Heck - buying brand name clothes is a personal choice.
Buying Voodoo is a personal choice.

You don't have to like it. I'm not asking you to. You can bash Voodoo all you want (and all the other similar companies) - but the fact remains that there will be people who buy them. You may think these people are stupid, but that's your opinion!

As for your comments about specs -- reviews man - reviews!

By Zelvek on 4/11/2007 3:13:24 PM , Rating: 2
I've read the reviews the question is do you even understand them? SO Voodoo beats other OEMs in all the reviews but if you understood those numbers that they throw at you you would know that 6 fps for a few extra thousand dollars is crazy.,1697,2059877...
Yes in that review the voodoo wins but they are simply looking at raw power if the voodoo is 0.001% better it will win. They don't compare value at all. check out the Gateway or the cyberpower in that review they both cost $4000 ($1700 less than the voodoo) and they are a fraction behind in performance. The difference in those PCs is so small you wouldn't notice.

RE: Do any of you actually own a VoodooPC?
By Schrag4 on 4/11/2007 10:29:14 AM , Rating: 4
Some people don't care to build their own PCs. I, for one, love to do just that, but that doesn't mean other people will, even if they're technically inclined.

To say he should learn to build computers so he can save money is really kind of stupid. With the prices of PCs declining as they have been since, well, FOREVER, you'd best learn to build/fix other more expensive things. For example, I can build a brand spankin' new computer that runs current games quite well for what, 1000 bucks, maybe one or two hundred more? But what if something breaks on my car? I pay some mechanic hundreds or even thousands to fix it. I wish I knew more about fixing cars (I know nothing about fixing cars) and less about building/fixing computers.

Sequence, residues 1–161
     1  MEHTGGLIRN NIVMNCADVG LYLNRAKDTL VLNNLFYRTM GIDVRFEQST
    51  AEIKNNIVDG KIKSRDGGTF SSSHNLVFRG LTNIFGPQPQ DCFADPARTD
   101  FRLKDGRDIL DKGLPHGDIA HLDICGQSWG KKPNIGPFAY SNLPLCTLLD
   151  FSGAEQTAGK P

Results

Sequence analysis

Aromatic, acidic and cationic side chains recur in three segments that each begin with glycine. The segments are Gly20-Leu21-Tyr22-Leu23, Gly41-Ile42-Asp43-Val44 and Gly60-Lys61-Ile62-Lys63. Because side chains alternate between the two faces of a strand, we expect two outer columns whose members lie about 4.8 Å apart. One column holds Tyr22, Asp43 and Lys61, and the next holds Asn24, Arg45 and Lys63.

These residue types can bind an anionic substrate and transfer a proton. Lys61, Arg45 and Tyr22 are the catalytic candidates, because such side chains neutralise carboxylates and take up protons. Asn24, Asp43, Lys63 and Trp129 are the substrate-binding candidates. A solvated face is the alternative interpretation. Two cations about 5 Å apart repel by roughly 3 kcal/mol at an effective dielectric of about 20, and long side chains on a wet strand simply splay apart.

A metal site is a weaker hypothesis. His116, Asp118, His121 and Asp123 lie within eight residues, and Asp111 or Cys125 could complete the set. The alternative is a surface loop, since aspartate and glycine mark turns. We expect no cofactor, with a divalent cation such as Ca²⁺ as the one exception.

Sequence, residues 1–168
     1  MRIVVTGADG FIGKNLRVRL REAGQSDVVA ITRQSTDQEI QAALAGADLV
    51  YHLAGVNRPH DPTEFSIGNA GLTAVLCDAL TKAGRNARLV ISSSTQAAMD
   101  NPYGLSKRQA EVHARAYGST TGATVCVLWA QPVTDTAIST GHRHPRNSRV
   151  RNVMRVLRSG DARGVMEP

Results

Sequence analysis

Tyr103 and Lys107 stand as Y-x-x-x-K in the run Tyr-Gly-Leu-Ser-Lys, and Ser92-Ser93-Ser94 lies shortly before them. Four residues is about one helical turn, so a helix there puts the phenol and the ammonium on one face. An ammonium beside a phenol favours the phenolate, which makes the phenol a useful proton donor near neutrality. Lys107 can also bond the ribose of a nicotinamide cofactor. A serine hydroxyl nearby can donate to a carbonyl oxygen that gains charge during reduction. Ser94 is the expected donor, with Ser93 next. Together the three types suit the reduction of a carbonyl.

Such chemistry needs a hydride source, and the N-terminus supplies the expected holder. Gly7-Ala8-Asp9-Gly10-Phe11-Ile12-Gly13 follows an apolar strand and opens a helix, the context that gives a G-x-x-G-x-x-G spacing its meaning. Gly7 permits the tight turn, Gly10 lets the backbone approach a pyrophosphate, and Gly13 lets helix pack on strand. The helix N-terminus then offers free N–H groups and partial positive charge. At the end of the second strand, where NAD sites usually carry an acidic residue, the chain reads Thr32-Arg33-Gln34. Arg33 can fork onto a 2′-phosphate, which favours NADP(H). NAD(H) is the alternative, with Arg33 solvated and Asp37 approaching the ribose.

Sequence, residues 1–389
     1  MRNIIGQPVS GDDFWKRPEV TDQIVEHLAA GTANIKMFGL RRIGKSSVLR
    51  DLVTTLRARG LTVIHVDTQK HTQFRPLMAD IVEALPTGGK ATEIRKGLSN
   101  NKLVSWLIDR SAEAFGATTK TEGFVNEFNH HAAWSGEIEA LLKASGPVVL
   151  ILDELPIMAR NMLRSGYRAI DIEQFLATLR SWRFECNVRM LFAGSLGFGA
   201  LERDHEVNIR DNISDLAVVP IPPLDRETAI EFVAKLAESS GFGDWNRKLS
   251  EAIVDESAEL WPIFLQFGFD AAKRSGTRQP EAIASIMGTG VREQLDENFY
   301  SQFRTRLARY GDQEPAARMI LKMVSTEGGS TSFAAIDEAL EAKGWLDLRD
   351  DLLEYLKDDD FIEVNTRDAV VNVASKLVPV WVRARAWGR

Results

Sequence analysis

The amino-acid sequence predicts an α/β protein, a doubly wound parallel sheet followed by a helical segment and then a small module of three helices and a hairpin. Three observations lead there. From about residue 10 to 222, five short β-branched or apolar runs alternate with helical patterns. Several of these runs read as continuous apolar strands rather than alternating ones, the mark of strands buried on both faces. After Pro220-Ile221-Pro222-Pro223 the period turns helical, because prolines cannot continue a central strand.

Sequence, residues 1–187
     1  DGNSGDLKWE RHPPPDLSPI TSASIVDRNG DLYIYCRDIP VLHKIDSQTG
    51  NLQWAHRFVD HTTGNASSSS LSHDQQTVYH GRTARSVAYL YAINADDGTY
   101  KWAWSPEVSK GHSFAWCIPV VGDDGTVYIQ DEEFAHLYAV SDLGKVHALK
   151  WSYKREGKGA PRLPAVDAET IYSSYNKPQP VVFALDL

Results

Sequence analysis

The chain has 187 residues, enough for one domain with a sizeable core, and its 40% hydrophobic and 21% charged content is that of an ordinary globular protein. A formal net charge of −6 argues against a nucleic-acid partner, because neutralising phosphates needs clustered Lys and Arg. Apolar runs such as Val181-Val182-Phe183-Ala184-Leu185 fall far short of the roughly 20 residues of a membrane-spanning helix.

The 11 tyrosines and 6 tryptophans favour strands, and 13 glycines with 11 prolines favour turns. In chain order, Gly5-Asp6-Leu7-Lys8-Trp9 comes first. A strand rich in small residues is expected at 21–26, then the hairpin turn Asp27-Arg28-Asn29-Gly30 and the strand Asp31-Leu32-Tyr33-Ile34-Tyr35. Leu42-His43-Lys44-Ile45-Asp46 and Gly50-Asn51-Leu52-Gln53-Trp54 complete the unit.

My point is that calling someone stupid for not knowing how to build a computer is really a stupid comment. Unless that's your job or your passion I wouldn't expect you to know how to build a computer. Sounds to me like his job is in music, not computers. So only techies can post at tech sites now?

Oh, and he's right, if he finds extra value in the Voodoo PC that you can't find, it makes perfect sense for him to buy that instead of a PC that performs the same (according to you, I haven't researched) but costs 2000 bucks more. Yes, even a paintjob can have a value of 2000 bucks. Maybe not to you, but to some people. Who are you to say he can't spend that money if he really really likes the paintjob, or thinks his audience will really really like it.

RE: Do any of you actually own a VoodooPC?
By Zelvek on 4/11/2007 3:22:33 PM , Rating: 2
I didn't say anywhere that he should learn to build them just that his excuse for not knowing how was poor. Can only techies post on this site no but if you want to be taken seriously you should know a bit about what your talking about. Were did I say that a voodoo is $2000 more than similar PCs? Try retorting to one posters comments at a time.

RE: Do any of you actually own a VoodooPC?
By Schrag4 on 4/11/2007 4:54:02 PM , Rating: 2
You're right, he better have a damn good excuse if he's not going to know how to build a PC. Otherwise he's a frickin' moron.

I'll say it again, unless building PCs is your job or your passion, I don't expect ANYONE to know how to build a PC, even those who use them VERY HEAVILY.

RE: Do any of you actually own a VoodooPC?
By TomZ on 4/11/2007 6:28:30 PM , Rating: 2
Bah. My dad is in his sixties and is non-technical, and he built his last PC without any problems. All that is really required is to know how to use a screwdriver and how to plug in connectors. You guys make it sound like rocket science or something.

By garethcoker on 4/11/2007 6:39:53 PM , Rating: 2
Good for your Dad - he had the inclination to build a PC - I don't.

"The Space Elevator will be built about 50 years after everyone stops laughing" -- Sir Arthur C. Clarke